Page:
SAN FRANCISCO (KGO) -- The life of a young victim of the Orinda Halloween party shooting is being honored at the upcoming Rose Parade.
Sparkle Davis put the final touches on her daughter's memorial floragraph Thursday morning.
"No one really knows how you feel until they experience it," said Davis. "I still do go through my emotions."
Nineteen-year-old Oshiana Thompkins was shot and killed at an Orinda house party on Halloween in 2019. The shooting at an Airbnb took the lives of five people, and now Oshiana's organ donations are helping others live on.
"It just rang inspiration as long as I know my daughter is helping and saving lives, that's what I'm going to do - save lives," said Davis, who has started a nonprofit in her daughter's name. The Oshiana Unique Thompkins Foundation and Reach Out Mode Center in El Sobrante serves at-risk youth and underserved families.
Her dedication and her daughter are being honored by Donate Life. "Since her daughter's passing, Ms. Sparkle Davis has made it her mission to carry out Oshiana's wish to help the community," said Jusitn Johnson, Donation Development and Organ Operations, Donor Network West.
The carefully crafted floragraph is one of 44 donor portraits appearing on the Donate Life Rose Parade float on Jan. 6. "Sparkle truly embodies this year's float theme which is living each other up," said Johnson.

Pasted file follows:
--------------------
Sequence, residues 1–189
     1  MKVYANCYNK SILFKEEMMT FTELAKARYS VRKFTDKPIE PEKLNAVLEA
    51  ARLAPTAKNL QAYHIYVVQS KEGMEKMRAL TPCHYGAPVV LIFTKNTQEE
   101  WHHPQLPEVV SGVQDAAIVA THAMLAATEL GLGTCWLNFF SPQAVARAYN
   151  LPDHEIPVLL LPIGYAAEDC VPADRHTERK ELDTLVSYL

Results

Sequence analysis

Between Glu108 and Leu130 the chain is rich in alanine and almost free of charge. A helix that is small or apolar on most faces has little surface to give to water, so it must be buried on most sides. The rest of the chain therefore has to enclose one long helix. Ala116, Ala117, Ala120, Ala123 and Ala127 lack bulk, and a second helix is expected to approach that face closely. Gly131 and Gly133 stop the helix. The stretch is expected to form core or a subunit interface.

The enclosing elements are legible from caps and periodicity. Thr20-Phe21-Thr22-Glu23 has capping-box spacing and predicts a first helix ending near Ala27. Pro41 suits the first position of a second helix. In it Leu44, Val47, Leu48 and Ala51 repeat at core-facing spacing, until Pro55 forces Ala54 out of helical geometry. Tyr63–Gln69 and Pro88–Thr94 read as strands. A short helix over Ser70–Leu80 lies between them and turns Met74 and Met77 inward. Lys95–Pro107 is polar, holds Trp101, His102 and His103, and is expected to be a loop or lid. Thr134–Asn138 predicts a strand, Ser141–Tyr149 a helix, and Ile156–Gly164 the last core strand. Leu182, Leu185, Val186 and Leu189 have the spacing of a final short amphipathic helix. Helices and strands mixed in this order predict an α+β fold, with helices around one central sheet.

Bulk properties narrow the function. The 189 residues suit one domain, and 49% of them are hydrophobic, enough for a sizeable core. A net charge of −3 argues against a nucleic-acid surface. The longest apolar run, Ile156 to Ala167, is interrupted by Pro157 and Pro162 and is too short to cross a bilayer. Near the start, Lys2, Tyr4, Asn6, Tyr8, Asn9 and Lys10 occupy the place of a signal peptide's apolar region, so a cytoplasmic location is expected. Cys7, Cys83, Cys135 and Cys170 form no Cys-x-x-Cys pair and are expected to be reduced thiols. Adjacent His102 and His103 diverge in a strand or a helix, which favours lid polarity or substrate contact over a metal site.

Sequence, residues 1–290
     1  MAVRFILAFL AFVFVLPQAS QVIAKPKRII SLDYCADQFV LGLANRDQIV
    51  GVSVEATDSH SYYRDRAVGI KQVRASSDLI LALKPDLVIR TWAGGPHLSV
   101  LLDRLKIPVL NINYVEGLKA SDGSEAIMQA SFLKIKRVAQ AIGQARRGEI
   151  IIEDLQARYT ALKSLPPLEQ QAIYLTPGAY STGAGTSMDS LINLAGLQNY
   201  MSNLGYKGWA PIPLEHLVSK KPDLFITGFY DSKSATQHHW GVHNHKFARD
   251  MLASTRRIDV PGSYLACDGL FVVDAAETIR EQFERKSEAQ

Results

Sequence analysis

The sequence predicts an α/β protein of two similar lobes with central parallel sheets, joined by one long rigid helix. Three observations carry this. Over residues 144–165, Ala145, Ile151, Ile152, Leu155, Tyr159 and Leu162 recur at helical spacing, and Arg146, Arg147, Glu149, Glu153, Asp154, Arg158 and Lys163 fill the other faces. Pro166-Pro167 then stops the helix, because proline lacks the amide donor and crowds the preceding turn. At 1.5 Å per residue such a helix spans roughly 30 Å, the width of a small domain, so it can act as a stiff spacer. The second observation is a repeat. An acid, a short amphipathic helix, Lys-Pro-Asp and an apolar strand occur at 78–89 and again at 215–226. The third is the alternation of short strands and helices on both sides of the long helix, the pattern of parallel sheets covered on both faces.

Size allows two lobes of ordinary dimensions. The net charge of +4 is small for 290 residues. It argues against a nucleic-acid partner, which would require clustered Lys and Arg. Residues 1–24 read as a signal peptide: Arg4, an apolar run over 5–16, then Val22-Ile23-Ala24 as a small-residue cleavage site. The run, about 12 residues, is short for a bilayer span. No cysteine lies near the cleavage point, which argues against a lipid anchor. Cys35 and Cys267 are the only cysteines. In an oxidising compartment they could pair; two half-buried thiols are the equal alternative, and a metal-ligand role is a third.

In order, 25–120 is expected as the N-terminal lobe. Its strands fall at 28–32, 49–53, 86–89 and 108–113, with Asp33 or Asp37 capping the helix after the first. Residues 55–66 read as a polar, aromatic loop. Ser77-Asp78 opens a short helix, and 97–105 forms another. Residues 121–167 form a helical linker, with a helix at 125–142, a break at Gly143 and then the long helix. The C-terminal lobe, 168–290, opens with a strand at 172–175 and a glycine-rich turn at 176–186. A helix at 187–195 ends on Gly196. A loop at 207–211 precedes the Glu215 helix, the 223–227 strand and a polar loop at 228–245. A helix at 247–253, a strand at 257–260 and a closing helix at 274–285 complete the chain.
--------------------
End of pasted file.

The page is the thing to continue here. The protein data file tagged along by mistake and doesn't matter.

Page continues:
"It's an honor," said Davis. "I never dreamed in a million years that I would get to experience this. I know that she's here and I know she's pushing me. I can hear now saying, 'mom you've got this.'"
And, it's her daughter's voice driving her daily. "If I have to work two jobs to save one life at a time that's what I'll do - save a life for Oshi."
"The community's proud of her. Proud of her resolve, her strength and love for Oshiana," said Soheila Bana, Richmond City councilmember.
Davis is holding her head high and her daughter's memory close in hopes of inspiring others.
"Strength, motivation, letting other families know, you know you can take your pain, your sadness, and depression and turn it into something positive," said Davis.
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